Early Modern Privacy - Notions, Spaces, Implications

We are proud to say that our inaugural PRIVACY conference Early Modern Privacy: Notions, Spaces, Implications was a success. The conference took place on 9-11 April 2019 at the Danish Royal Society of Sciences and Letters.

Welcoming colleagues from multiple disciplines was a joy for the PRIVACY team. The many invited scholars presented the Centre’s methodology and they exchanged insights and disciplinary differences in relation to the view of manifestations and absences of privacy in the early modern period.

The conference offered a unique opportunity for scholars to meet and discuss the multiple facets of privacy. Historians of architecture, economy, ideas, law, literature, philosophy, andreligious culture as well as archaeologists and philosophers. All of them from all over the world, including Austria, Brazil, Canada, China, Denmark, England, Finland, France, Italy, the Netherlands, Norway, Sweden, Switzerland and the US. View the full programme here.

We spent three fruitful and inspiring days delving into historical studies of the myriad ways in which privacy was understood, protected, and challenged in the early modern period.

The invited scholars also had the opportunity to view and ponder on the exhibition, which was currated by PRIVACY scholars and their students at KADK. It is still possible to come and see the many different reflections on privacy as an architectural manifestation. Please read more through this link.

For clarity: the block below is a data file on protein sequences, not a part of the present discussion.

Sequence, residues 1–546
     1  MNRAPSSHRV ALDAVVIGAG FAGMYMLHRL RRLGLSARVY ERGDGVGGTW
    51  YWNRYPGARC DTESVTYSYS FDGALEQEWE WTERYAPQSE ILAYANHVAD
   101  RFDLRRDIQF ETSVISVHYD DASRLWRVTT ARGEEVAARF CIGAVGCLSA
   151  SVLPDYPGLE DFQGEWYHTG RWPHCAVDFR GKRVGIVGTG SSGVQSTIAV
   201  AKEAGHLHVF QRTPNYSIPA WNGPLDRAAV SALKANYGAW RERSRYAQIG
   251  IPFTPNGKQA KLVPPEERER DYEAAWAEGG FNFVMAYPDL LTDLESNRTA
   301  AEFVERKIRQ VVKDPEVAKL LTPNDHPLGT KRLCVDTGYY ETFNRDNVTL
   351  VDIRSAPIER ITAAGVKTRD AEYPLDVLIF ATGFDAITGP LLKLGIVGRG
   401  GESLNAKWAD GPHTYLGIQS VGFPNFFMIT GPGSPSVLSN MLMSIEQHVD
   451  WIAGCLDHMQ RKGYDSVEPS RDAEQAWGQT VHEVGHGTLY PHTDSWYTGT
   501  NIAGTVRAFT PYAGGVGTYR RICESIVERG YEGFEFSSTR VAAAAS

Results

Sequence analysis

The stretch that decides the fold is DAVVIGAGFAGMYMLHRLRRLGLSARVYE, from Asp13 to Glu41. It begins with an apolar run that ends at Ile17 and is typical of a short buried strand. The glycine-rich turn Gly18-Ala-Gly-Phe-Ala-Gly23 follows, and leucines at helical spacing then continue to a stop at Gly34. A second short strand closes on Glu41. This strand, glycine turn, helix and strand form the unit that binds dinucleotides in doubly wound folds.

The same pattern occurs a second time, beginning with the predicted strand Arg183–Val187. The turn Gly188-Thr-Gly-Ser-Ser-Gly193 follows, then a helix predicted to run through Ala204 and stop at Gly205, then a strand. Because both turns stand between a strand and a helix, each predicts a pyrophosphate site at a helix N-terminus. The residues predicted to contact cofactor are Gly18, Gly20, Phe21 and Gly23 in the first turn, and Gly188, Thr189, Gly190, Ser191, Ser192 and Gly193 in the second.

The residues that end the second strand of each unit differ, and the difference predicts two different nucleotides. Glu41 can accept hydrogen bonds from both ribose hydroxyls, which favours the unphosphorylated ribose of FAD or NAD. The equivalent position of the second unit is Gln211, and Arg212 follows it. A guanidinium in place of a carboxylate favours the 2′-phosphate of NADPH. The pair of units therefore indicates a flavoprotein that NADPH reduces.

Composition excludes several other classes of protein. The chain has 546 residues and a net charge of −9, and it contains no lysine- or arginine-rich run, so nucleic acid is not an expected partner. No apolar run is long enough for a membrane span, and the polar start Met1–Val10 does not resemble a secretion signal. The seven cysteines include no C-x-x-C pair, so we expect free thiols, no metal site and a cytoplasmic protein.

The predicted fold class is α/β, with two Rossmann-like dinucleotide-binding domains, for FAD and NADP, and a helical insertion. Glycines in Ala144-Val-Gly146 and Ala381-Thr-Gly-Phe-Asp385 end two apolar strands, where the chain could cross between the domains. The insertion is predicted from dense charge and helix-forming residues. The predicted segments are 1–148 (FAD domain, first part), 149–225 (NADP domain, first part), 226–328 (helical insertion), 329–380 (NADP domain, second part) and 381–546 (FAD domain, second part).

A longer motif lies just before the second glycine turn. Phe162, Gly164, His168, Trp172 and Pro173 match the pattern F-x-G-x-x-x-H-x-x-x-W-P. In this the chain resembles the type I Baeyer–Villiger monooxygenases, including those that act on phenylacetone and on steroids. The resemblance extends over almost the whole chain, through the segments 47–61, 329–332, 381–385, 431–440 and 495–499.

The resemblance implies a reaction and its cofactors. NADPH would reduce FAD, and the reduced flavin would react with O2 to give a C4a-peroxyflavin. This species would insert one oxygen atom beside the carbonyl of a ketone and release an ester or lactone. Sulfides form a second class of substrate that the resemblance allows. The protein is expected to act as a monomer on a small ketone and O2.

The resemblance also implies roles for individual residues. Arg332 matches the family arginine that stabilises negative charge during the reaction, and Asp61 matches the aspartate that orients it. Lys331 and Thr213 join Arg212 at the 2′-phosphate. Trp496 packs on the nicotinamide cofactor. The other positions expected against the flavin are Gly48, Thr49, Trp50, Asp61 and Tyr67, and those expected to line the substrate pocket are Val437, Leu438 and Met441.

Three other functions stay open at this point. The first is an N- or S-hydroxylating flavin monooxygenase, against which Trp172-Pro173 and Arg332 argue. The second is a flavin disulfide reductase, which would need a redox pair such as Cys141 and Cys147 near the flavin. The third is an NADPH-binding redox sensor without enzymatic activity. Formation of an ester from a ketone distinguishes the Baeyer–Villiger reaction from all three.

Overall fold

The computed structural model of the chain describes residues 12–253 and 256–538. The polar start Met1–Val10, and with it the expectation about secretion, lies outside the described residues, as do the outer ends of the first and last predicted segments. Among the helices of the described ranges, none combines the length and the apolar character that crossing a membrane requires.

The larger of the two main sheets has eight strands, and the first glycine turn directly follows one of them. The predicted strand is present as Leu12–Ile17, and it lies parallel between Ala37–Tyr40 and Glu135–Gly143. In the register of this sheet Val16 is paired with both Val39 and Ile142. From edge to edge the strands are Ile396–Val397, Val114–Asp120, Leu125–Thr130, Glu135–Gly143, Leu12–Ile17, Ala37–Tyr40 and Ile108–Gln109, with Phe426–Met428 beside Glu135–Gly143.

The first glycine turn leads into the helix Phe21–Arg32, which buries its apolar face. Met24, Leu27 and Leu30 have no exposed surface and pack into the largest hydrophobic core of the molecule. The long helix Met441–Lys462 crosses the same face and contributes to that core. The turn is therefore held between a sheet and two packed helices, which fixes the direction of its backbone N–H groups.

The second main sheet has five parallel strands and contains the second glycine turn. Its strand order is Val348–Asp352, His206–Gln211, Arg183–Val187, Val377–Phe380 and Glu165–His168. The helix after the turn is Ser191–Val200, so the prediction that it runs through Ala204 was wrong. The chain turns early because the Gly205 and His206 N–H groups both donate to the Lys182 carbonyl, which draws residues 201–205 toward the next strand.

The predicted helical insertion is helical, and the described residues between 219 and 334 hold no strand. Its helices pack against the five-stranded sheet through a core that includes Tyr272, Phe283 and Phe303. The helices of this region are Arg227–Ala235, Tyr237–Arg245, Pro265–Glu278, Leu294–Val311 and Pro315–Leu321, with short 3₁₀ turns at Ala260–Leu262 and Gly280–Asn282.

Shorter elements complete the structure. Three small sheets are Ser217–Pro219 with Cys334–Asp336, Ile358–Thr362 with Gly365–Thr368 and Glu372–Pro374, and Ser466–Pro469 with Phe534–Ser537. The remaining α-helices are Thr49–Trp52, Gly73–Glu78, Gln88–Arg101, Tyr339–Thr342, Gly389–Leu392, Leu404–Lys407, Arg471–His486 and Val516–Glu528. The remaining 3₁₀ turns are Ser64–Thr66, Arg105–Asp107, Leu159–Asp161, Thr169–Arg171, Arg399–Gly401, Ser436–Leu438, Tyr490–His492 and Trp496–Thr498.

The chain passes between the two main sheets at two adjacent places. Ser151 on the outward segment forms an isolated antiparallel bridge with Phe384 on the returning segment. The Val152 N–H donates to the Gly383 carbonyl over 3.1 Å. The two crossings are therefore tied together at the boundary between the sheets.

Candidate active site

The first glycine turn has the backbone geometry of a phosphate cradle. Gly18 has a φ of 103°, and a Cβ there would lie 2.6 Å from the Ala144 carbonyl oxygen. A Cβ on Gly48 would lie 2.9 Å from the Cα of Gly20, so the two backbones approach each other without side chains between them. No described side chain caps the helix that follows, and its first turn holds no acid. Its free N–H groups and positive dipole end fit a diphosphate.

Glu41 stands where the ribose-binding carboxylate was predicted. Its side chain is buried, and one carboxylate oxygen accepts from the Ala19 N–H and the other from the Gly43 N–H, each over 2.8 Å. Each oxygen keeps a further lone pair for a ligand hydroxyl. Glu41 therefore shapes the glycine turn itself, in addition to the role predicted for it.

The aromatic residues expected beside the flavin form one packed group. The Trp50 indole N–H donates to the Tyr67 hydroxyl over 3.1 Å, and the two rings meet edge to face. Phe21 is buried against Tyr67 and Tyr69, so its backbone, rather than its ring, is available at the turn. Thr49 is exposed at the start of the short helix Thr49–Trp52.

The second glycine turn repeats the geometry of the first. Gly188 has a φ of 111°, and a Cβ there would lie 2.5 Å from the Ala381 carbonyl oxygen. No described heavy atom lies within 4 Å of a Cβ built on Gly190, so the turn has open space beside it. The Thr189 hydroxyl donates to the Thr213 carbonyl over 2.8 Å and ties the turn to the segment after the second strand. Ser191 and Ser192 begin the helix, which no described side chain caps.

The inspiring breadth of privacy-related topics, tackled at the conference, is also visible in the chosen topics in the keynote lectures:

Willem Frijhoff, Vrije Universiteit Amsterdam (Em.): A Privacy Case-Study of a Franco-Dutch Family Network around 1600

Mia Korpiola, University of Turku: A Legal Historical Perspective on Possibilities for Privacy in Swedish Society

Maarten Delbeke, ETH, Zurich: Privacy and Exemplarity in Roman Baroque Art and Architecture


Hélène Merlin-Kajman, Université de Paris III: Privé and Particulier in France in the 17th century.

Organising Committee 

Michaël Green, Natália da Silva Perez, Mette Birkedal Bruun, Helle Vogt

Exhibition coordinators

Fredrik Torisson
Rikke Lyngsø Christensen
Fabio Gigone
 
Photo credit: The Holburne Museum
 
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